- LSU lost a lot on the defensive side of the ball. I talked at length about that here. But, unlike other schools (Georgia for instance), LSU reloads its defense. There is no rebuilding. I have no doubt that LSU’s defense will reload despite losing seven big contributors from a year ago.
- LSU once again faces a brutal schedule. The Tigers do as well as anybody when scheduling out-of-conference games, and this year they open with TCU in Dallas. They draw Florida and Georgia (two of the East’s three best teams) and have to travel to Alabama. That’s no easy group, but those games are spread out quite nicely. TCU comes on August 31st at Cowboy Stadium. Four weeks later the Tigers come to Athens, GA. Two weeks later, the Gators come to Baton Rouge. Four weeks later LSU plays at Alabama. Two weeks later Texas A&M comes to the Bayou.
- Depending on the outcome of the Georgia game, LSU wins either 10 or 11 games.
From Chad Floyd’s “A Big, Purple Roadblock: Previewing LSU” (Sept. 26)
- LSU has yet to be challenged in opening 4-0, and no the final score against Auburn (35-21) does not tell the story of the (LSU) Tigers manhandling Auburn and going into cruise control once up 3 TD’s. This is the strongest opponent Georgia will face all year, even with a defense with no established stars yet.
- The keys for Georgia are threefold: 1) keep the LSU offense off schedule on 1st and 2nd down, where run accounts for 73% of their plays. On third and long, Mettenberger isn’t a threat to scramble for many first downs, so doubling the two wideouts and perhaps bringing a number of disguised blitzes from all over the place (and using the speed of the defense against big, slow linemen) is the best way to get off the field. I trust Todd Grantham to have some interesting looks dialed up.
This brings up 2) make Zach Mettenberger uncomfortable. This is the same guy who looked downright awful for 2/3 of the season last year, and he will be playing a homecoming game with a (WILL BE OVERUSED AS A STORYLINE CLICHE ALERT) chip on his shoulder, wanting to make Georgia regret letting him go. Using his adrenaline and aggressiveness to its advantage, Georgia could hope for some overthrows and forces if it can rattle the ‘stache early.
3) Unfortunately, LSU WILL stay on schedule with the run more often than not. In third and short, LSU is at its most dangerous. Hill is a one-cut terror who can run over or around DB’s, and is a threat to go the distance against a stacked box if players don’t win their individual battles or maintain gap discipline. The Tigers also employ a one-step quick slant to both Landry and Beckham against man, and it’s almost impossible to stop. In these situations, pressing at the line and playing the safeties deep in case something goes wrong is the best bet.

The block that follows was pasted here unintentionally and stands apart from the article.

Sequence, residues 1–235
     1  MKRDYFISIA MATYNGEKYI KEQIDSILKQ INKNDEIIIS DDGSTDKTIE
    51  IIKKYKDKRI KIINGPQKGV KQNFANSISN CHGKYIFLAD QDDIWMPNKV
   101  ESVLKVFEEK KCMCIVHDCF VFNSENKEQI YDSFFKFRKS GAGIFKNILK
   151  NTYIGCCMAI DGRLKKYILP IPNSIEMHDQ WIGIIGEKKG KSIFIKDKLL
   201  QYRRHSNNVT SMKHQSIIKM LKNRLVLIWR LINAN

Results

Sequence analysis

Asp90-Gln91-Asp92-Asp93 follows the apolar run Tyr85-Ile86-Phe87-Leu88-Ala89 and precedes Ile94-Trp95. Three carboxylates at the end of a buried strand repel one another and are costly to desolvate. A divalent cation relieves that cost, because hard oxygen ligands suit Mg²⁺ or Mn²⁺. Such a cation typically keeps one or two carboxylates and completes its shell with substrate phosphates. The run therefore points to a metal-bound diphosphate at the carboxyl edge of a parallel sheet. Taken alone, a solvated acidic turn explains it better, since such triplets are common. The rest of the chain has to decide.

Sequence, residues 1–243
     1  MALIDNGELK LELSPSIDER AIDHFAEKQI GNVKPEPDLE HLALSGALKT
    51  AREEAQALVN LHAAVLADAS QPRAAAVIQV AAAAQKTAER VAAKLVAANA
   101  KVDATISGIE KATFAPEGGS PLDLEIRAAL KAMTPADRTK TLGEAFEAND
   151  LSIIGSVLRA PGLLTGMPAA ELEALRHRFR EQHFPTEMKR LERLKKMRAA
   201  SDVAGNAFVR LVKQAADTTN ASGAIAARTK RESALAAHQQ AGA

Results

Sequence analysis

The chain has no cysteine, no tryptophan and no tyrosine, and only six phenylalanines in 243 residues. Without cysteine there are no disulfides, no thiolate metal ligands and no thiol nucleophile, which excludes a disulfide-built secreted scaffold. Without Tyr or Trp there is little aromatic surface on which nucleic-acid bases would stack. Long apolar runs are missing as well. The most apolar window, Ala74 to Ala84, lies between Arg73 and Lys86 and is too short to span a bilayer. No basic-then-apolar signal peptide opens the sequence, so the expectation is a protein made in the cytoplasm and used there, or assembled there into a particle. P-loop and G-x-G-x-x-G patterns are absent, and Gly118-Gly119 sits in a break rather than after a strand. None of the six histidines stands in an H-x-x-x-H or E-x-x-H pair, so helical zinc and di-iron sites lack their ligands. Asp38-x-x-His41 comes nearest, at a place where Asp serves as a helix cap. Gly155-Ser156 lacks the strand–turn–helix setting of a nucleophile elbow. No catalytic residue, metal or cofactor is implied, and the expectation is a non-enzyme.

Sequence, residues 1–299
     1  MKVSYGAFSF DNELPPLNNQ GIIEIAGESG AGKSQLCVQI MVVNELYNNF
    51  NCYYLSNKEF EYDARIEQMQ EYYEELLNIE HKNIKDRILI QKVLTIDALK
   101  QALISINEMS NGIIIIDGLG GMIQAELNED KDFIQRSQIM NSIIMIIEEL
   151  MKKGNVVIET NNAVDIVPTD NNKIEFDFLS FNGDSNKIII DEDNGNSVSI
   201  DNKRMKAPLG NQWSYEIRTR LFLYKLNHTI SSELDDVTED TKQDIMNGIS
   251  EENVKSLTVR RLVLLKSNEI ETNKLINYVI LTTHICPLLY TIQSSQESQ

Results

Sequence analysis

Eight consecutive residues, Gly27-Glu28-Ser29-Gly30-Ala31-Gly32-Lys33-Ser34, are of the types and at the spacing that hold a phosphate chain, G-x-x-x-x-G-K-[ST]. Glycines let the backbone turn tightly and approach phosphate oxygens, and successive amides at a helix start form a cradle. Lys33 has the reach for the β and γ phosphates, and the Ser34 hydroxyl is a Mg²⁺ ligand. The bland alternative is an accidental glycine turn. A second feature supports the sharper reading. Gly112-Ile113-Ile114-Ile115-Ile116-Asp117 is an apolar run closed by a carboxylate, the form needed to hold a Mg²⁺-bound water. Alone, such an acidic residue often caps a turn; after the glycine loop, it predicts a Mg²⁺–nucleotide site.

- We know the strength of Georgia’s offense at this point, and that is balance. Aaron Murray is throwing for a ludicrous 12.6 yards per ATTEMPT thus far this season, and I’ll disagree with colleague Daniel Palmer’s evaluation that a lack of a true #1 receiver hurts the Bulldogs. JSW, Chris Conley, Michael Bennett, and Arthur Lynch can all become de-facto #1′s based on what the defense is giving them, and I expect Murray to find out who that is early on and make him an integral part of the passing attack early.
Personnel-wise, much has been made about LSU’s loss of 11 guys to the NFL draft on defense. However, they still boast the best pair of tackles in the league (Ego Ferguson and Anthony Johnson), so running between the tackles may not be as viable an option as it has been the first month of the season. I think I speak for all of us when I say I want to see Keith Marshall employed outside the tackles, and this could be the week he gets loose (or so I hope after 3 games of banging heads against a wall with him between the tackles). The Tigers also possess two headhunters at safety (Craig Loston at 6’2 209 and Ronald Martin at 6’1 219). Loston is good enough in coverage to be a problem, but isolating Martin 1-on-1 may prove fruitful for the Dawgs.
I’m not worried about Georgia having success on offense, as this should go down as LSU’s worst defensive performance of the season. As long as we don’t get too cute with the playcalling and substitutions (looking your way, offensive line) enough points to win the game will be available.
- Barring any egregious, game-changing mistakes by Georgia’s special teams (NOTE: we’re not due for any until about 2017), I think Georgia wins on the strength of an underappreciatedly-historically-good offense and a raucous capacity crowd.
Let’s call it Georgia 30, LSU 24, and about 19 hours of fun in Athens on Saturday.